7 Characters dying for rehab

7 Characters Dying for Rehab

7 Characters Dying for Rehab

Art | imitating Life!

Movie and television characters are often times extensions of the writers who create them. Based on that fact, and these seven characters, one could easily assume that Hollywood writers are all coked-up drunks. While not every character struggles with addiction (as many of them seem to enjoy it), all 7 of these movie characters could be dying for benefit from a stint in rehab, or at the very least, a weekend sober.

1. Sherlock Holmes

MOVIE: Sherlock Holmes

YEAR: 2009

CREATOR: Sir Arthur Conan Doyle, Michael Robert Johnson


SERIES: Sherlock

YEAR: 2014


Sherlock - Series 2014 & Addiction

One of the oldest and most beloved literary characters ever, Sherlock Holmes is in fact a bit of a dope fiend. He would often turn to cocaine when he found himself without a challenging case.

Sherlock Holmes had an addictive personality, and when that addiction was not being fed by mystery, it is replaced with drugs. Fans of the television show House may find this scenario familiar, and with good reason. The show’s creator David Shore has all but confessed to lovingly borrowing some of Holmes’ best traits when creating his title character. While both men do incredible amounts of good while sober, Holmes is the only one to have never spent any time in rehab.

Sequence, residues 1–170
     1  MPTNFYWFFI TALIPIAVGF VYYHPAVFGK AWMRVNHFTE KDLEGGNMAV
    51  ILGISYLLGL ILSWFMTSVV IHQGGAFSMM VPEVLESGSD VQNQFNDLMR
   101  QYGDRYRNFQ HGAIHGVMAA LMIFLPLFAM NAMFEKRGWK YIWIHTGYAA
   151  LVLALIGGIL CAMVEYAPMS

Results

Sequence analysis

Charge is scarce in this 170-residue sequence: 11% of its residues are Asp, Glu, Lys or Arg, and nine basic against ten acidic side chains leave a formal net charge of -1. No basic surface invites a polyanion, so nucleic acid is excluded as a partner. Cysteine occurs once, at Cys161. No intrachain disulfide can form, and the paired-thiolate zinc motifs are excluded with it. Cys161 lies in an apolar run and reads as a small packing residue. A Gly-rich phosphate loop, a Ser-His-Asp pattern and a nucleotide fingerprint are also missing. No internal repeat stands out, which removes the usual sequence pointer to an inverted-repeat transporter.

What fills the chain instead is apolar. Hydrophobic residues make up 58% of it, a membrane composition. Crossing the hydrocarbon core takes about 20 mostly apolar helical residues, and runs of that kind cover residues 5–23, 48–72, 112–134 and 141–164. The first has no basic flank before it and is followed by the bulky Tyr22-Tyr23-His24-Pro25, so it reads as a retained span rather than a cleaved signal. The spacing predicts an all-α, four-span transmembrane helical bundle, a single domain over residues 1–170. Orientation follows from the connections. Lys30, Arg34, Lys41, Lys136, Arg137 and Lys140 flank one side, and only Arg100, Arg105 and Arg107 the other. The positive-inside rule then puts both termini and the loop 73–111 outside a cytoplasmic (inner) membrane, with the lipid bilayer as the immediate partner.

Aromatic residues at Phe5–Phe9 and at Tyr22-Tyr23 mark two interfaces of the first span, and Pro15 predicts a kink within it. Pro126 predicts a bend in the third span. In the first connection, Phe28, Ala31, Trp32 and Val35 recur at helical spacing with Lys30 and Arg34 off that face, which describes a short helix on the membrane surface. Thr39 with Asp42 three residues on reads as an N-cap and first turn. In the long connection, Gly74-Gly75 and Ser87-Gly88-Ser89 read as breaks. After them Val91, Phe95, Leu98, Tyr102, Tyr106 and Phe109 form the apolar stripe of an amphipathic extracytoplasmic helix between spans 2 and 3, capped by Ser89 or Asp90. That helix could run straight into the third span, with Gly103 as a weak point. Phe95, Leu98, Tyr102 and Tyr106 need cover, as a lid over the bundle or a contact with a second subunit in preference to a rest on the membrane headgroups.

2. Raoul Duke, Dr. Gonzo

MOVIE: Fear and Loathing in Las Vegas

YEAR: 1998

CREATOR: Hunter S. Thompson

Fear And Loathing In Las Vegas (Trailer) on Addiction

Hunter S. Thompson wrote the book Fear and Loathing in Las Vegas, which was later turned into a film starring Johnny Depp. The book is an autobiographical account of a week spent in Vegas with a trunk full of mind-altering drugs, and provides a terrifying firsthand account of an acid trip gone wrong.

As the trip continues, Thompson and his lawyer try to manage their hallucinations, sweats, terrors, incoherent moments and inability to speak ,by taking more drugs. Basically feeding the fire and prolonging the bender to end all benders, Fear and Loathing provides irrefutable proof that if celebrity rehab shows existed 30 years ago, Hunter would be a prime candidate for season one.

3. Jay and Silent Bob

MOVIE: Jay & Silent Bob Strike Back

YEAR: 2001

CREATOR: Kevin Smith

Jay and Silent Bob Strike Back (Rap) on Addiction

As this video clearly highlights, Jay and Silent Bob have been inseparable since birth. They have also been foul-mouthed slackers with a massive pot problem for about the same amount of time.

Created by Kevin Smith (who plays Silent Bob), Jay and his partner in crime are all amount smoking blunts, rolling blunts, selling blunts, smoking more blunts, and drinking. Although their actions have yet to interfere with their social or professional lives (mainly because they lack both), these two gentlemen are long overdue for a stay at a rehab center, or at the very least, some community service hours.

4. Donald Draper

SHOW: Mad Men

YEARS: 2007-Now

CREATOR: Matthew Weiner

Mad Men: Meet Don Draper (Trailer)

The face that fuels AMC’s hit Mad Men, Donald Draper is the definition of a cool, suave 1960’s business man. He is also the definition of a chain-smoking, functioning alcoholic.